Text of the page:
Humanizing companies: when technology facilitates recognition and praise

M. has worked for the same company for circa 4 decades! A lifetime devoted to one organization, witnessing its ups and downs, watching its history unfold as turbulently as that of her country. For her work and devotion she has received praise and recognition on some occasions, namely whenever a party to celebrate important dates of the organization were organized.

Some months ago, however, the team managing an internal blog-like communication platform invited her to give an interview, later published in that platform, as a way to share her story and her memories of 4 decades of work with younger colleagues.

What happened next amazed both the colleagues managing the platform and herself. As soon as the interview was published, recognition and praise started flourishing from all corners of the organization in the form of comments: her closer colleagues, her direct manager, her direct manager’s boss, colleagues she had never heard of, colleagues from the other side of the Atlantic… Some – her closer ties – gave her recognition for her work, good spirits and friendship; others – her weaker ties – thanked her for her devotion and for telling her history without ceremony.

The flow of feedback to her words and story moved her so much that she couldn’t stop thanking the (overwhelmed!) colleagues that make sure that the platform is constantly updated and that stimulate everyone’s participation (think of internal community managers).

This small episode may seem insignificant to a big organization but I don’t think it is. I think it shows the power of using social technologies (in this case a blog-like platform) to humanize a company:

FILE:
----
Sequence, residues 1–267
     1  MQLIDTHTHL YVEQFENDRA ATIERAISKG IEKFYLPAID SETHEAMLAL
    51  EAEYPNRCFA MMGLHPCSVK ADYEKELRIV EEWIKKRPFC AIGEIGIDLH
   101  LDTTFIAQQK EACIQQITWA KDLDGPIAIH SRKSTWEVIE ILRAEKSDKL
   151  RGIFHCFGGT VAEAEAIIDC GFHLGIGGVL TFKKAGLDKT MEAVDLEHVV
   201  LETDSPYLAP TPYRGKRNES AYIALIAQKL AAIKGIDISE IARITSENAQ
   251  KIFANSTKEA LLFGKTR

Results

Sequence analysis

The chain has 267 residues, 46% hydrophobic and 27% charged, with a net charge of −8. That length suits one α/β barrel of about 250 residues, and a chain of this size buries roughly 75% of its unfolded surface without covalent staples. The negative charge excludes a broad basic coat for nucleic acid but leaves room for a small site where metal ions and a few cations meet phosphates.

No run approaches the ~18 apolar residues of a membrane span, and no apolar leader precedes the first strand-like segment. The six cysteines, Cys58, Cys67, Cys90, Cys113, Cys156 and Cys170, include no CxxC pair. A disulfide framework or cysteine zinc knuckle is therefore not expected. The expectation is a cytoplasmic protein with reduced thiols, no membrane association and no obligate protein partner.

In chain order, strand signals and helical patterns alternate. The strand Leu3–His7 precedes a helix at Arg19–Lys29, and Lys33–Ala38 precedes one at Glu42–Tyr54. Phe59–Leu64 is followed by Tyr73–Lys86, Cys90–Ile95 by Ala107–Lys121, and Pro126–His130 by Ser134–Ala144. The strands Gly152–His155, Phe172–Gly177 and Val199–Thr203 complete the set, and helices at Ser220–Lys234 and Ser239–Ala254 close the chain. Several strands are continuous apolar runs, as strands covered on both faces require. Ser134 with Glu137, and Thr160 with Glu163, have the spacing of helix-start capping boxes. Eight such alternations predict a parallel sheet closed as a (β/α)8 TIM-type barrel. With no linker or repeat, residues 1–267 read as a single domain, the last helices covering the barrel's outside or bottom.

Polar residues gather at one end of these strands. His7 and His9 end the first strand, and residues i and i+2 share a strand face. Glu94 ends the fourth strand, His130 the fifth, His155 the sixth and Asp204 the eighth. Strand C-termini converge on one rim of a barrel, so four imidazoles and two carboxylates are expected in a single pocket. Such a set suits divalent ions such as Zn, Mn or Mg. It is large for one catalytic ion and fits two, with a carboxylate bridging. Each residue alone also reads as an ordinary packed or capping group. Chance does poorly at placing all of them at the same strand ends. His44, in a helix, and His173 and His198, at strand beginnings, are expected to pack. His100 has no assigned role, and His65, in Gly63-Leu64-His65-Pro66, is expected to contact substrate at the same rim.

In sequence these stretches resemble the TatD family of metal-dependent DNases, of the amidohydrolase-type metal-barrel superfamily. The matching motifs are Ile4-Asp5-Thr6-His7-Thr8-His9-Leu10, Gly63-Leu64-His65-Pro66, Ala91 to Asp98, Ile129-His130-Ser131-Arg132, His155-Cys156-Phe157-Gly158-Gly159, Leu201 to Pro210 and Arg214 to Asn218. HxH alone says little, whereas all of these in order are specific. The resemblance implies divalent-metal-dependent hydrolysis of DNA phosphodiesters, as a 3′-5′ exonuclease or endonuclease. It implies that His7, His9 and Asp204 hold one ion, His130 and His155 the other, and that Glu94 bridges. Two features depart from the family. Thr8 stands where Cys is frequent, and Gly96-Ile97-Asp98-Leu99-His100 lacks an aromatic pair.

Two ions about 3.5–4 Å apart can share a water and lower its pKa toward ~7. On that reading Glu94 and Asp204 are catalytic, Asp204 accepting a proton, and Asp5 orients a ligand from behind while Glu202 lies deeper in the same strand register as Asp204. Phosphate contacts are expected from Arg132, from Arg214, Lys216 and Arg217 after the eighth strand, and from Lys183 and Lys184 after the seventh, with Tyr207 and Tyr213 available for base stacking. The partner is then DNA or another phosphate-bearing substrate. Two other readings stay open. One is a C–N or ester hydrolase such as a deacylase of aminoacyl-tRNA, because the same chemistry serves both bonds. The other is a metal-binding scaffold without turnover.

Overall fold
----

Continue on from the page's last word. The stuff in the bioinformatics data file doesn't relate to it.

• you give voice to your employees, both those that share their stories and those that react by commenting, no matter their position in the hierarchy ladder (in the case of M. not a very high position)
  • you share and keep memory of the history of your organization through storytelling
  • you signal to other employees that you care about what they have to say, their experiences and wisdom
  • you humanize “names” and “employee numbers” (now everyone knows who M. is)
  • you give them an online space for conversation and interaction, stimulating connectedness
  • you publicly give praise and recognition which, like Daniel Pink described in Drive, can do much more for motivation and employee engagement than an increase in the paycheck

From that moment on M., who speaks little English, started making an effort to comment in other posts in English so that should communicate and give praise to other colleagues. And they say miracles don’t happen in the corporate world…


4 thoughts on “Humanizing companies: when technology facilitates recognition and praise

  1. Great and inspiring post, Ana! Relates well to my experience as well. When we rolled out Yammer the power of the like button became apparent. In a company and culture in which it is not done to give compliments to each other, the little nudge of liking an update or question makes everything shift. I’ve seen it happen before my eyes.

  2. Loved this story.

    One of the reasons I’m so optimistic about social business is that we can and will read more stories like this. Not just because they’re nice (and they are), but because “humanizing work” may be the best way to boost productivity we have.

    • John, it is a true pleasure having you reading and commenting on my little corner in the blogosphere. Your tale of how your request for resources for internal social media efforts was met with “What problem are you trying to solve?” resonated deeply with me, and I try to remember it in my dealings with Enterprise 2.0 (both at work and when teaching).

      I do agree that humanizing work (as well as companies and brands) is the way forward in a world cluttered with insanity and robot-like actions.

Leave a Reply

Fill in your details below or click an icon to log in: Logo

You are commenting using your account. Log Out /  Change )

Google+ photo

You are commenting using your Google+ account. Log Out /  Change )

Twitter picture

You are commenting using your Twitter account. Log Out /  Change )

Facebook photo

You are commenting using your Facebook account. Log Out /  Change )


Connecting to %s